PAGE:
How To Journal Like A Stoic

How To Journal Like A Stoic

Epictetus once asserted, "An unexamined life is not worth living."

If we’re living in the world without reflecting and meditating on our actions and virtues, we’re missing an opportunity to live a more integrated and meaningful life. For the Stoics, writing and reflection was less of a “practice”, and more of a daily necessity. When we write, we engage with ourselves and find the important lessons from each day.

The Guiding Principle

The focus of Stoic journaling lies in reflecting on what's within our control, accepting external events as they occur, and developing our virtues in response to these events. It’s not about what happens, but our judgments and responses to it. Marcus Aurelius’ words resonate, “You have power over your mind – not outside events. Realise this, and you will find strength.”

Five Prompts

Below are five introspective journaling exercises designed to bring you clarity of mind.

1. Stoic Reflection: Every evening, reflect on your day. Identify where you acted in line with Stoic principles and where you faltered.

As Seneca advised, "When the light has been removed and my wife has fallen silent...I examine my entire day and go back over what I've done and said."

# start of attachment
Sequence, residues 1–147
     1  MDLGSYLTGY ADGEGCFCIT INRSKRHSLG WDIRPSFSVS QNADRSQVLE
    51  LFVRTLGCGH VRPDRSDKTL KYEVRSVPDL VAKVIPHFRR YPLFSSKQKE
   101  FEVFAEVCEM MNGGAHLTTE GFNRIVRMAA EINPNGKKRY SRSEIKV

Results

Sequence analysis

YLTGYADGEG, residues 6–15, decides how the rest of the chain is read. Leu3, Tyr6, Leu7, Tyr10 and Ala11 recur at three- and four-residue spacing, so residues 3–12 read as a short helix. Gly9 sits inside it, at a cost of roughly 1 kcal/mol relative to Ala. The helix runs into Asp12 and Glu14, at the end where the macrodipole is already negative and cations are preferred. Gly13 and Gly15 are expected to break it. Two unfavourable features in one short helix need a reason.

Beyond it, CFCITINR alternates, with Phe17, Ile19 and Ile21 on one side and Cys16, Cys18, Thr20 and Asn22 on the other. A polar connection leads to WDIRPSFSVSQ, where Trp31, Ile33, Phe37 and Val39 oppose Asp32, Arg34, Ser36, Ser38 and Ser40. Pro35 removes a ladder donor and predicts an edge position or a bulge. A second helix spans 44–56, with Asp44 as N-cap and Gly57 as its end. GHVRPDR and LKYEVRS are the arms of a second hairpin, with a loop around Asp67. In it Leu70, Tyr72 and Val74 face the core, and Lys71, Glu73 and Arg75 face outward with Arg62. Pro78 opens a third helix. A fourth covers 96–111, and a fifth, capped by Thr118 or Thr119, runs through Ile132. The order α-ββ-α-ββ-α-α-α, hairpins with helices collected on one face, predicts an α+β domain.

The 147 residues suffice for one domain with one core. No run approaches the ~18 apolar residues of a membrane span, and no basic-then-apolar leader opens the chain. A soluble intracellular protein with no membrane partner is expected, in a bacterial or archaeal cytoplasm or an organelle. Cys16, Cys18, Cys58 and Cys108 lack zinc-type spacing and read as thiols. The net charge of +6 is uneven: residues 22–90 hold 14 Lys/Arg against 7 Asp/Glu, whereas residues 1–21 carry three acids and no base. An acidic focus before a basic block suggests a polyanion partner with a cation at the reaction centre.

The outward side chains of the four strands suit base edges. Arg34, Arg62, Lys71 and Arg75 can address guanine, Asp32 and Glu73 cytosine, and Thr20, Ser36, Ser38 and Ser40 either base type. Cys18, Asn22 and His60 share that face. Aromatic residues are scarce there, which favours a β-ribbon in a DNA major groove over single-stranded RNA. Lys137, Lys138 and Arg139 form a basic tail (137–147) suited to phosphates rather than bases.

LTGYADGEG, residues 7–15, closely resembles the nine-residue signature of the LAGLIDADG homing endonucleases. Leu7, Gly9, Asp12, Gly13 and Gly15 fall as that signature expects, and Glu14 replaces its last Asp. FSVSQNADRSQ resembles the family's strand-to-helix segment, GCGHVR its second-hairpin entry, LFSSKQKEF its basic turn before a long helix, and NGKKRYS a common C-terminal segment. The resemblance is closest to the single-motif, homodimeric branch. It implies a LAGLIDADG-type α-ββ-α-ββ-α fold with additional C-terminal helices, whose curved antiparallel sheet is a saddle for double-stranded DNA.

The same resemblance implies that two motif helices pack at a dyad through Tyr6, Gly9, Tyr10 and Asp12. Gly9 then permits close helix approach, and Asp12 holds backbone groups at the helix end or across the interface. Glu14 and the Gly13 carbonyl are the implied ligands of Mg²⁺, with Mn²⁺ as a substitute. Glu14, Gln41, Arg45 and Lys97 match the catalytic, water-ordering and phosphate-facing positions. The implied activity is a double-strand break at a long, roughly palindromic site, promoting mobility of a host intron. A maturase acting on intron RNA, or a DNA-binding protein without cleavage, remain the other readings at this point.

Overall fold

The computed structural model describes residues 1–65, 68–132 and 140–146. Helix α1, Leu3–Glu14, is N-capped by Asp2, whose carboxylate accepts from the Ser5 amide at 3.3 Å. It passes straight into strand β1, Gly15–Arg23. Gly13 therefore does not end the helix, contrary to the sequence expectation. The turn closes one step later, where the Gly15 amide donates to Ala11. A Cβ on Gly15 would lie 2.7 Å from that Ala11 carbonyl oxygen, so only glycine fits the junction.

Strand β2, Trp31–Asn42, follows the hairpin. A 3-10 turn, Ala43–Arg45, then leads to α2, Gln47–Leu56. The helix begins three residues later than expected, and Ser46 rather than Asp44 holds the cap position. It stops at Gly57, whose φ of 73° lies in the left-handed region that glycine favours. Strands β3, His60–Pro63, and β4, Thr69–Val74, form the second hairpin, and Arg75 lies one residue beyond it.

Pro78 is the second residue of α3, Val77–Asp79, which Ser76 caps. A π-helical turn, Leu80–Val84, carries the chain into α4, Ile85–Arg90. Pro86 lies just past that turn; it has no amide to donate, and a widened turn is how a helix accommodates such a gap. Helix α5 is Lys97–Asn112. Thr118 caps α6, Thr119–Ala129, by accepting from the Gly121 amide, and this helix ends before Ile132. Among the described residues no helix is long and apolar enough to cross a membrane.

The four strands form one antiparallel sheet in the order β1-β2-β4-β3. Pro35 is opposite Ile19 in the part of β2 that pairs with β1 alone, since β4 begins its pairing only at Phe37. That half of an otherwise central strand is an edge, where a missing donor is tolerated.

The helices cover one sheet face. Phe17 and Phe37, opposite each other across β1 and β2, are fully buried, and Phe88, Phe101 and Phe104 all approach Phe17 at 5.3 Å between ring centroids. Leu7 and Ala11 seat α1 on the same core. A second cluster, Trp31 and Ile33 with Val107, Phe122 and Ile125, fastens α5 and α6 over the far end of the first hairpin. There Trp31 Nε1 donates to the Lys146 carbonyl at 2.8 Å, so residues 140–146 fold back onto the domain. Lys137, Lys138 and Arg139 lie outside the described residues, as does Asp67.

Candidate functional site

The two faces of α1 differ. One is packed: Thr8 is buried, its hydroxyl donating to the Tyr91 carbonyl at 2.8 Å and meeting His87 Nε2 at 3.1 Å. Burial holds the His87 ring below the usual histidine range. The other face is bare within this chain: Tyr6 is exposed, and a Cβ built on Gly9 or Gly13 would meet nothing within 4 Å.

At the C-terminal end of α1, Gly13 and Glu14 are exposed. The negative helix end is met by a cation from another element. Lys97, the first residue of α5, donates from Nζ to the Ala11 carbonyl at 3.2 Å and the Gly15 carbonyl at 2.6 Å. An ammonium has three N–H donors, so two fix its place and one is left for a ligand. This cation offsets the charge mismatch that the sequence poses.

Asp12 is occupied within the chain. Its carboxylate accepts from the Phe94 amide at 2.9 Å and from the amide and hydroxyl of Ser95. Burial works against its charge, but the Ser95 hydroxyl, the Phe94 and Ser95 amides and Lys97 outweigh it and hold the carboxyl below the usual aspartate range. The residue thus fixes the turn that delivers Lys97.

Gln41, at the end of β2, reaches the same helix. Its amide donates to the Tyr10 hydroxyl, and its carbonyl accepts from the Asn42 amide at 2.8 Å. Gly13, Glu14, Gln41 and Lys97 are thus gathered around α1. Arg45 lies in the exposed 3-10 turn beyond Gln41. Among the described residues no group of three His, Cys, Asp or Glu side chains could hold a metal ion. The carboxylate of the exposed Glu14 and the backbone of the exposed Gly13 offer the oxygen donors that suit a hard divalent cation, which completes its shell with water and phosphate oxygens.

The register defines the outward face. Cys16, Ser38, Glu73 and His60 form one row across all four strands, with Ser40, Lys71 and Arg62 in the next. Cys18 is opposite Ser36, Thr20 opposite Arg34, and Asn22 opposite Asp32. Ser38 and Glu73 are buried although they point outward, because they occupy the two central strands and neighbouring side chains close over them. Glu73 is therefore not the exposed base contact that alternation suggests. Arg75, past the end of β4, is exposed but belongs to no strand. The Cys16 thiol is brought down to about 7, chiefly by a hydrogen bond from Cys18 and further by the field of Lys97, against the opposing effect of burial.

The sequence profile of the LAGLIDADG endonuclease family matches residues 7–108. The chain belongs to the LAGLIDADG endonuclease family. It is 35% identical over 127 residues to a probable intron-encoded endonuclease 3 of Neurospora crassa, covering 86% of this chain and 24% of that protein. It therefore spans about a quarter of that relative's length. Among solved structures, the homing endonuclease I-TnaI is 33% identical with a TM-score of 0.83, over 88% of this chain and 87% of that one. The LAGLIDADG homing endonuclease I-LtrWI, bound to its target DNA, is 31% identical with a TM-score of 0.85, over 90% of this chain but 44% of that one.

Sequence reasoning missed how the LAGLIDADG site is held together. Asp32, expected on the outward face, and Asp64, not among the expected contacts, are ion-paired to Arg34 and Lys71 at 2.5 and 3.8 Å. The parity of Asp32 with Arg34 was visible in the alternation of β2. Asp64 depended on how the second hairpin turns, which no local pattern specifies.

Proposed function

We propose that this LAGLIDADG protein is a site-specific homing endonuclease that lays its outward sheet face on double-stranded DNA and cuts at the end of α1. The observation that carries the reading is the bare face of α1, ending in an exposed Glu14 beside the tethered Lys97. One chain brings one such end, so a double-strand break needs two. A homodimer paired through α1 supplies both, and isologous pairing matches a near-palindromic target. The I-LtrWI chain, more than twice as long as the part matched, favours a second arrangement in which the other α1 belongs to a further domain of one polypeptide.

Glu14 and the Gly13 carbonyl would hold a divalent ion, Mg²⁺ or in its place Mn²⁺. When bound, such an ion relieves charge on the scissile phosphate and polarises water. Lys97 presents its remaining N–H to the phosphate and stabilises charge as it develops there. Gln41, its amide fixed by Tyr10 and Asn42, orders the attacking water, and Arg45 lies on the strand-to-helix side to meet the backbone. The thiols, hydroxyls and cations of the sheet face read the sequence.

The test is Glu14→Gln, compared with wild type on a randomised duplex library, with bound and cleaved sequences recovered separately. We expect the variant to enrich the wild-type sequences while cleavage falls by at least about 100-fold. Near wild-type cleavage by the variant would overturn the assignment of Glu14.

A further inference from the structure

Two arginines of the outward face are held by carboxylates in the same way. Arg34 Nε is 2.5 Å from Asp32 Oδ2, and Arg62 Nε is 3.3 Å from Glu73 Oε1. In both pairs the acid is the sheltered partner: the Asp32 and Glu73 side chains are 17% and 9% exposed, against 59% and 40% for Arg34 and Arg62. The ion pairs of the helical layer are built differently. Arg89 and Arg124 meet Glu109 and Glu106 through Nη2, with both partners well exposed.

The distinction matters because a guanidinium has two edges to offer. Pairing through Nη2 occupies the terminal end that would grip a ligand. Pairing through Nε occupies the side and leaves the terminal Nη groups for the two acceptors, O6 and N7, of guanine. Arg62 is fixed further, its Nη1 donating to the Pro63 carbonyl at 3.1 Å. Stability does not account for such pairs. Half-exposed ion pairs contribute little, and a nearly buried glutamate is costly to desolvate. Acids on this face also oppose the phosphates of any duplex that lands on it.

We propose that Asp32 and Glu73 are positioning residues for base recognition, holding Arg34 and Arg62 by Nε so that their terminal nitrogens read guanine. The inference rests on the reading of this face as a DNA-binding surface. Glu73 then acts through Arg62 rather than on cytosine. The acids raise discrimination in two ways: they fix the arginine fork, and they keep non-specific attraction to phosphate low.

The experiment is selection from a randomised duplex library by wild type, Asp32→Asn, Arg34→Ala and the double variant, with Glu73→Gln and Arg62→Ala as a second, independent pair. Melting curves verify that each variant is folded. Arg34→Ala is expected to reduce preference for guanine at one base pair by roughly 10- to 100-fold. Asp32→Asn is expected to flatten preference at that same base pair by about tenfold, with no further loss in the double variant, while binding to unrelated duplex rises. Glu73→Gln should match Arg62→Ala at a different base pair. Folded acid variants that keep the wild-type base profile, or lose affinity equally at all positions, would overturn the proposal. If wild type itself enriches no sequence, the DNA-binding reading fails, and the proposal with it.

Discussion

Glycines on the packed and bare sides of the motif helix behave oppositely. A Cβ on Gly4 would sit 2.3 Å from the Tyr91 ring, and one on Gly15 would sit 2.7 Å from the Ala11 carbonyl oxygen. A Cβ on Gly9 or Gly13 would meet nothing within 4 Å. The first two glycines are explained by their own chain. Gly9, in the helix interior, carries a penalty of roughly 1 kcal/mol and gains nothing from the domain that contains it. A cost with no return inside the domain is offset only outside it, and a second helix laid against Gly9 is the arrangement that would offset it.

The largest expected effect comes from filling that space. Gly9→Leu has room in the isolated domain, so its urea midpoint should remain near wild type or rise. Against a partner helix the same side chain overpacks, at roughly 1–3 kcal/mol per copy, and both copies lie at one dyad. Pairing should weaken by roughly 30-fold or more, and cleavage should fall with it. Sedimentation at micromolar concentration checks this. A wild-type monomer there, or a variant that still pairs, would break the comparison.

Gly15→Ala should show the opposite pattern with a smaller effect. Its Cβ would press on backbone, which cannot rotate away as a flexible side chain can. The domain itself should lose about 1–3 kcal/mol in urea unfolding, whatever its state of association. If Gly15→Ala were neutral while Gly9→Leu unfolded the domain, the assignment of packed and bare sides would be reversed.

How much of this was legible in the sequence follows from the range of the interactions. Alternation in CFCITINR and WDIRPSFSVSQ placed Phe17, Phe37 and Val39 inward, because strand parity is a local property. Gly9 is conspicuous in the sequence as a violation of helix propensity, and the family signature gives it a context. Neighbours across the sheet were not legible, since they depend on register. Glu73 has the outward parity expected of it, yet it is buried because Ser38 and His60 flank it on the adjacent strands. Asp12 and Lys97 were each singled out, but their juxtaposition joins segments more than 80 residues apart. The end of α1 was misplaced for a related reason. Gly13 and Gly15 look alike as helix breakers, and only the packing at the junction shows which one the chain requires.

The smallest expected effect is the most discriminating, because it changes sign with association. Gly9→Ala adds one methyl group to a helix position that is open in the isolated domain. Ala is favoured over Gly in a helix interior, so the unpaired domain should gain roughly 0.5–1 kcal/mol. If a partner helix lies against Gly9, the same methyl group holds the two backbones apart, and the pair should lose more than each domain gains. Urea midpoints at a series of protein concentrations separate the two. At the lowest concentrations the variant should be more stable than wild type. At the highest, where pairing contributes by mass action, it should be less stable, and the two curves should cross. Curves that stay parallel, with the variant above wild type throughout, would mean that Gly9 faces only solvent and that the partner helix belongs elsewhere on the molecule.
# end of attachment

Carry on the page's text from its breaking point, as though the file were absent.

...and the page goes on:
2. The Dichotomy of Control: Write about a recent situation that caused distress. Now, separate the elements into what was in your control and what was not. How can this understanding change your perception of the event?

3. Practise Negative Visualisation: Contemplate a potential future adversity or meditate on death — Memento Mori — and what living a good life means to you.

Additionally, how might you apply Stoic principles to maintain peace if an unexpected event were to occur? Remember these words from Epictetus: "Misfortune nobly born is good fortune."

4. Gratitude and Amor Fati: Contemplate an event that initially seemed negative but brought about growth or positive change. Embrace and love it for what it led to. What are you grateful for in your life? After all, Marcus Aurelius encouraged us to "Accept whatever comes to you woven in the pattern of your destiny, for what could more aptly fit your needs?"

5. Integrate Stoic Wisdom: Pick one of the Stoic virtues (Wisdom, Justice, Courage, Temperance). Note down your deliberate actions aligned with this virtue and reflect on the outcomes.

The goal with journaling is not perfection, but growth. As you learn from your past, you prepare for your future, and act in harmony with the present.

Build this habit of exploring yourself in the pursuit of tranquillity and wisdom. In the words of Seneca, "As long as you live, keep learning how to live."